Advice Summary: Prepare for tax exemption reforms for Not For Profits (NFPs) starting 1 July 2023. Self-assessing NFPs with an active ABN must lodge an annual self-review return to report income tax exemption eligibility. If a return is not lodged, they may become ineligible for an income tax exemption and penalties may apply under the ATO’s penalty framework. Review your operations, seek advice, and use resources to navigate these changes.
Not-for-profit organisations (NFPs) play a vital role in supporting our community. Many NFPs are endorsed charities registered with the Australian Charities and Not-for-profit Commission (ACNC), however there are many NFP’s who are not registered with ACNC. Currently, those not registered are required to self-assess as tax-exempt entities, to enjoy special tax treatment. Recent reforms will require self-assessing NFP’s to confirm eligibility annually.
Currently, NFPs falling into categories like community service, cultural, educational, health, employment, resource development, scientific, and sporting can self-assess their income tax exemption without reporting to the Australian Taxation Office (ATO).
From 1 July 2023, self-assessing NFPs with an active Australian Business Number (ABN) must lodge an annual self-review return. This return will include the information used to determine their eligibility for income tax exemption. This change aims to increase transparency and ensure accurate assessments of tax exemptions.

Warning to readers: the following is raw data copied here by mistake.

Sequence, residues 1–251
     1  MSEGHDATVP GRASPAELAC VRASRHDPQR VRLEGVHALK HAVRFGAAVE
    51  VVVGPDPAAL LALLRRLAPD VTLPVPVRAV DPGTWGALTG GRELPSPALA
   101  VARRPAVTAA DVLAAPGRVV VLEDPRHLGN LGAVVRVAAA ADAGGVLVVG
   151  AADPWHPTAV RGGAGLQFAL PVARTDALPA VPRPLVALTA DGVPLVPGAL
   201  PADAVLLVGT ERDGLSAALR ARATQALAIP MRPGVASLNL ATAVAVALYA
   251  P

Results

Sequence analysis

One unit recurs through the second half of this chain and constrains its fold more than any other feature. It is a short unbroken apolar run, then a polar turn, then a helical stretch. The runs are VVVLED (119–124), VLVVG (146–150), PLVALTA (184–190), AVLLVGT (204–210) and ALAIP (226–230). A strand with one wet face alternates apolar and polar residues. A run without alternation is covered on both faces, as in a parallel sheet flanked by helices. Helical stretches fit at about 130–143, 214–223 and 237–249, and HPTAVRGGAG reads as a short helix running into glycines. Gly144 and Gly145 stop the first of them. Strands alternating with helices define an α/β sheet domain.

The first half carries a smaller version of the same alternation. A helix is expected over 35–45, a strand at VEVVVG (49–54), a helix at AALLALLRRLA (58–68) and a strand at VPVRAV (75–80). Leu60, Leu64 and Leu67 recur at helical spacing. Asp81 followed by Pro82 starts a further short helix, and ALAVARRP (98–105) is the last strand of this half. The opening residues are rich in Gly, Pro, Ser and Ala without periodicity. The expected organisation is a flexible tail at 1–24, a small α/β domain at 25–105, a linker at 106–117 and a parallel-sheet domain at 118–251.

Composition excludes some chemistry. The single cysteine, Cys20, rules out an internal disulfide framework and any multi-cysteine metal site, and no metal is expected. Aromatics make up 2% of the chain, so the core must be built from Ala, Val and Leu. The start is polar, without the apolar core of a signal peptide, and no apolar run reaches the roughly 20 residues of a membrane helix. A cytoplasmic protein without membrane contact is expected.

To facilitate a smooth transition, the ATO is in discussions with the NFP sector to understand the guidance and support needed. These consultations are expected to conclude in June, paving the way for the implementation of the changes.
The introduction of mandatory self-review returns significantly alters the compliance obligations for self-assessing NFPs. By formally reporting their eligibility for income tax exemption, organisations contribute to greater accountability and uphold the integrity of the tax system. The ATO will use the information provided in these returns to assess accuracy and identify discrepancies.
While these reforms may introduce new administrative burdens, they also offer an opportunity for NFPs to review operations and ensure compliance with eligibility criteria for income tax exemption. Undertaking a thorough self-review process will provide NFPs with a better understanding of their tax-exempt status and potential areas for improvement.
For more information on this change, please contact your local William Buck Business Advisor.